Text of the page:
So we did a bit of easy targeting, then some head down for a count of 5. He'd give me some good responses and then trot back to check on the heifers. After a couple seconds, he'd come back to me. I did not call him back to me after the first time. I was hoping for, and in fact I got, him to choose to come back and play with me. I'm not sure I was overwhelmingly more interesting than the heifers, because he did feel the need to go check on them regularly, but he did return to me each time on his own. I checked to see if he'd offer head down if I didn't cue him after we'd done it a couple times. He's currently offering Pilates moves when given the choice and I didn't want to encourage him to puff himself up any more so I went back to asking for head down or targeting. His eyes softened considerably and I was able to get a head down for count of 10. That was enough so that I decided to take the mats and go into the round pen with him for our original lesson plan.

By this time, the heifers had disappeared over the rise in the distant field. They were not forgotten, but I did have Percy's full cooperation. I was very pleased to notice improvement in his work from the previous day (we're working on a pre-riding pattern of three mats) even with the higher level of excitement. All in all, I was very pleased.

Thursday, October 13, 2011

Schooling ditches

I love fall- it's such a great time to ride with no bugs, cool temperatures, and beautiful scenery. It's not hard for students to convince me to take them on a hack so we can work on riding "in the open"...something many kids and adults sorely miss in these days of disappearing open land available to ride on.
This fall, I've gotten confident enough to ride Ande with students...I needed to be sure he was quiet enough that I didn't need to worry about him sparking an unusual moment in an otherwise quiet lesson horse and also that I could focus on a novice without needing to be on alert and horse training every second. Yesterday, at the end of a short ride with a student on Mariah, I decided to introduce the rider to ditches. We'd done uphill, downhill, steep ups through low woods (in other words on Mariah, she had to duck a lot more than I did!) and I was pretty confident Mariah would step quietly over the ditch so she could practice correct position without my needing to worry that she'd really need it.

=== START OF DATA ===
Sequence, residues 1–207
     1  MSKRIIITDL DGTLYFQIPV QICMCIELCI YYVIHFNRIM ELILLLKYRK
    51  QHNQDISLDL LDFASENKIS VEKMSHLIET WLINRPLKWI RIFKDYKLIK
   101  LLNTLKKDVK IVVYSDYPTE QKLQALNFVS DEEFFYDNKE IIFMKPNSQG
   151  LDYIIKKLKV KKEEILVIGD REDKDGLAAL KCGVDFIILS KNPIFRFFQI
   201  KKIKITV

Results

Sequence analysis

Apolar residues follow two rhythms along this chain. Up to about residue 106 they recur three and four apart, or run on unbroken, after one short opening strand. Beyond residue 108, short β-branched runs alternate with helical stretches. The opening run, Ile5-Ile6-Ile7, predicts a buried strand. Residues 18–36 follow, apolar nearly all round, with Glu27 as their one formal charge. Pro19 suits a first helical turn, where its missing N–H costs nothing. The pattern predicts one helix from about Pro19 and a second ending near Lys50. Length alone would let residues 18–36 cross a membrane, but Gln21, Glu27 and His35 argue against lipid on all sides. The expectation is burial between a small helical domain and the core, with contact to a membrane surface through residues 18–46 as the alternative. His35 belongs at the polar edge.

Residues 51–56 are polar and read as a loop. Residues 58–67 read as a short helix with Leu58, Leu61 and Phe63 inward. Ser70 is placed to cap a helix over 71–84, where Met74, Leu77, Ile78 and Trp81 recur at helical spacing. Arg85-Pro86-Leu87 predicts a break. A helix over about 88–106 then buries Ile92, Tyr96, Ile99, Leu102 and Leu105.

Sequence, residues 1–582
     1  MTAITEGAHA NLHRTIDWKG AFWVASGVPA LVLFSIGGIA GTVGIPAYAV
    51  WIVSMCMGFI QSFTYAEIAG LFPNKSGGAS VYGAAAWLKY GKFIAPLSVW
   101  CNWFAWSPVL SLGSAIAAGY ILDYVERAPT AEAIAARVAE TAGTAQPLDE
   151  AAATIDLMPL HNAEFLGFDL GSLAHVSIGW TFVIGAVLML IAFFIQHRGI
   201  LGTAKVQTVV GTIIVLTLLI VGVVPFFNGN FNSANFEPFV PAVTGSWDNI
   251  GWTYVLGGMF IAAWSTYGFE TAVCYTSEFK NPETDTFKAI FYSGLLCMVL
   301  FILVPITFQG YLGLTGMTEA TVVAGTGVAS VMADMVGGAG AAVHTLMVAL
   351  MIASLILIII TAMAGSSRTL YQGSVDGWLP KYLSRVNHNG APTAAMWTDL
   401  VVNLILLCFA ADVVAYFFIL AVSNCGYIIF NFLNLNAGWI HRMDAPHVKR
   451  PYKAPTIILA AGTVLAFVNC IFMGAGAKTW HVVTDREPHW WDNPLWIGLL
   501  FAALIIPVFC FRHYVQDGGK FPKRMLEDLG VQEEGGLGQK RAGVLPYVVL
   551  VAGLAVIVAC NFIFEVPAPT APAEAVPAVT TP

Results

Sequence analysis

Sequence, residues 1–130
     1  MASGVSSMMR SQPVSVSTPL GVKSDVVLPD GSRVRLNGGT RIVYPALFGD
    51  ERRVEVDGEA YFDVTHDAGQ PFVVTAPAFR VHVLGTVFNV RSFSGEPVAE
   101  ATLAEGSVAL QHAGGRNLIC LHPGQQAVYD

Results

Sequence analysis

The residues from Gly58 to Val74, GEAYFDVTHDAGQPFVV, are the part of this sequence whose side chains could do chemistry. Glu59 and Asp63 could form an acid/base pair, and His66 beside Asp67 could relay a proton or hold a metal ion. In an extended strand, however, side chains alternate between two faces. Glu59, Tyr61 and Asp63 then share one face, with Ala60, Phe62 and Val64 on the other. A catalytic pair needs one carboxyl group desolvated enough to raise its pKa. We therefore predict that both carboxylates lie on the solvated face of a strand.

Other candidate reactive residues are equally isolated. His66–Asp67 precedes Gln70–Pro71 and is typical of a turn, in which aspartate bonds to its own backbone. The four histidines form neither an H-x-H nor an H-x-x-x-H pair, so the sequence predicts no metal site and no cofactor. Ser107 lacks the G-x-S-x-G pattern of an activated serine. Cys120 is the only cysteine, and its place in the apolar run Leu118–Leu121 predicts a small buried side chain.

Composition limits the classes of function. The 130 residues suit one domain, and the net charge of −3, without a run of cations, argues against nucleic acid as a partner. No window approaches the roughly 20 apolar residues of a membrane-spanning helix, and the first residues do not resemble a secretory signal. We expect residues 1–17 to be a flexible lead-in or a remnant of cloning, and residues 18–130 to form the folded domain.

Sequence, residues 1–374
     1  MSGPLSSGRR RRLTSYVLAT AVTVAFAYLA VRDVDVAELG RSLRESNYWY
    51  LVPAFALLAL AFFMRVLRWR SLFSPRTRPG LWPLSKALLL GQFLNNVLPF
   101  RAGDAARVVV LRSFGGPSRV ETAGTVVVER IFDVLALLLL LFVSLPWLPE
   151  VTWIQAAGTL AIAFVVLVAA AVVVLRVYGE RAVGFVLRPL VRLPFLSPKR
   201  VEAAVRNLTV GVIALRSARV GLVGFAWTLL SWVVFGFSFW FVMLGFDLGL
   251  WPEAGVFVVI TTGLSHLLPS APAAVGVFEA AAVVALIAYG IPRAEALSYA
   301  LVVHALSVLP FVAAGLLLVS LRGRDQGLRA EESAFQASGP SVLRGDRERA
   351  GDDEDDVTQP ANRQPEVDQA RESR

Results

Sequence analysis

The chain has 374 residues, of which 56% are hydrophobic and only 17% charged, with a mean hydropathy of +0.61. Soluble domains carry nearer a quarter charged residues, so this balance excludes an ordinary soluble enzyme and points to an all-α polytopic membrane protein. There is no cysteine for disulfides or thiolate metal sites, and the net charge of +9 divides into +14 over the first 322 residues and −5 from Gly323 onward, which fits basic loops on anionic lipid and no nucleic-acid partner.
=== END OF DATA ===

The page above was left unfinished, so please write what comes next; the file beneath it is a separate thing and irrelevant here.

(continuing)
When my daughter was younger, we'd practice ditches along the road- she could jump from the road over the ditch up onto the hayfield or lawn- uphill with less worry about bucking on landing. The town road crew had cleaned out the ditches with the grader after Hurricane Irene, so they were clear and obvious. Mariah was a champ and stepped carefully into and then over the ditch- the only challenge being keeping her head out of the deep grass on the other side. Ande, however, wasn't too keen on following her. As sure footed as he is, he is the one who still likes to leap over the little spring on the way to turnout in one of the fields when everyone else will simply splash through. I only had one peppermint in my pocket and I bit it into as many pieces as possible. Every tiny step toward the ditch (he had no problem going right to the edge, but then got worried), got a click and a tiny peppermint bit. The hardest thing of all was not going into complete "do it!" mode. Amazing how old habits kick in. Luckily, I knew the student's ride home was coming soon and so when the peppermints were gone, I shushed all the little trainer demons in my head who were telling me I couldn't let Ande "win" by not going over the ditch. I hopped off and led him over it. Sure enough, he leaped high and wide enough to make a Training horse proud. I let him graze and then led him back and forth a couple more times. Each time he avoided the possibility that any alligators in the ditch could reach him. Each time he got 10 mouthfuls of grass as reward and then we went back to the barn.